Bark extracts of several woody species, known to be non-palatable to the weevil, were prepared and found to display antifeedant activity against H. abietis. The major chemical constituents of the extracts were tested for antifeedant activity. Antifeedants such as eugenol, 2-phenylethanol and benzylalcohol, but also feeding stimulants such as β-sitosterol and linoleic acid, were identified. An extract of linden bark, Tilia cordata, was shown to contain nonanoic acid, a highly active antifeedant. Other aliphatic carboxylic acids were also found to display high antifeedant activities against the weevil, both in laboratory and in field tests.

    The enantiomers of dihydropinidine, a piperidine alkaloid present in several conifer species, were prepared by dimethylzinc mediated allylation of 2- methyltetrahydropyridine-N-oxide. When tested in micro feeding assays, no difference in antifeedant activity was found for the enantiomers. In a field test high antifeedant activity, comparable with that of the presently used insecticide cypermethrin, was found for (±)-dihydropindine. Other naturally occurring piperidine alkaloids were synthesised and also found to display high antifeedant activities in laboratory tests.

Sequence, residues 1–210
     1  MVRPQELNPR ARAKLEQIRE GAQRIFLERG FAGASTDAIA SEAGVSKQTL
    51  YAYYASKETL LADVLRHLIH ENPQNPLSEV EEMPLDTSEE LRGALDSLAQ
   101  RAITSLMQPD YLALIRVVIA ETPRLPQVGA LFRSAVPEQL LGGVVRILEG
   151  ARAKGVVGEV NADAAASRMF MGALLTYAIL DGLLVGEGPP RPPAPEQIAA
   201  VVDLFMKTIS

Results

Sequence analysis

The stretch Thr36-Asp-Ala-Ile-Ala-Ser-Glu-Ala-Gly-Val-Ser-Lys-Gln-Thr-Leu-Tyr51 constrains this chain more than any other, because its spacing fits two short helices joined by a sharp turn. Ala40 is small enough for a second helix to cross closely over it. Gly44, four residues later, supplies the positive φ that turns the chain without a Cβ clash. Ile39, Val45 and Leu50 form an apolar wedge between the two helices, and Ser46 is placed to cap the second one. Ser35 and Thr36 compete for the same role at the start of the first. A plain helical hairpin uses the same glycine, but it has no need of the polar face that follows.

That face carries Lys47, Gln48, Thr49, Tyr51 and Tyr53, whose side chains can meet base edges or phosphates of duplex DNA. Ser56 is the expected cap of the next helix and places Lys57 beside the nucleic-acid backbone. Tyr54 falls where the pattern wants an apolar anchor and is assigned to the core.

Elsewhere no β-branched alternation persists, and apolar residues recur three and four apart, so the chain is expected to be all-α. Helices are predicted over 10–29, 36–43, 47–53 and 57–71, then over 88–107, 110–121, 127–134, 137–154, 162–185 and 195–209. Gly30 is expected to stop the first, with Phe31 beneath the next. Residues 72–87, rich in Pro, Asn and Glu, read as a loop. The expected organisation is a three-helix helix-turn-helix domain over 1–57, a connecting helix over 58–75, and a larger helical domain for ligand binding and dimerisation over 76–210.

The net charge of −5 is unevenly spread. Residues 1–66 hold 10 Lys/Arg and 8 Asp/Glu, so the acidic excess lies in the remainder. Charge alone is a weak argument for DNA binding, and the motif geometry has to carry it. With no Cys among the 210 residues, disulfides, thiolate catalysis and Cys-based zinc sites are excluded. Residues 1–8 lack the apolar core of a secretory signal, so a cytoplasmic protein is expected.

Structure-activity relationships were evaluated for methoxy substituted benzaldehydes, benzoic acids and cinnamic aldehydes, -acids, -esters and -alcohols. While the carboxylic acids were inactive or even feeding stimulants, the aldehydes were the most active antifeedants

  • 21. Eriksson, Carina
    et al.
    Sjödin, Kristina
    Schlyter, Fredrik
    Högberg, Hans-Erik
    Synthesis of (+)- and (−)-dihydropinidine by diastereoselective dimethylzinc promoted allylation of 2-methyltetrahydropyridine-N-oxide with an allylboronic ester2006In: Tetrahedron: asymmetry, ISSN 0957-4166, E-ISSN 1362-511X, Vol. 17, no 7, p. 1074-1080Article in journal (Refereed)
    Abstract [en]

    The enantiomers of the naturally occurring alkaloid dihydropinidine 1, potential antifeedants against the pine weevil, Hylobius abietis, were prepared by diastereoselective, dimethylzinc mediated addition of pinacolyl 2-propenylboronate 14 to nitrones (R)- and (S)2-methyl tetrahydropyridine-N-oxide 3, prepared from D- and L-alanine, respectively.

  • 22.
    Ersmark, Karolina
    et al.
    Uppsala University, Disciplinary Domain of Medicine and Pharmacy, Faculty of Pharmacy, Department of Medicinal Chemistry. Uppsala University, Disciplinary Domain of Science and Technology, Chemistry, Department of Biochemistry and Organic Chemistry, Organic Chemistry I. Uppsala University, Disciplinary Domain of Science and Technology, Biology, Department of Cell and Molecular Biology, Structural Molecular Biology.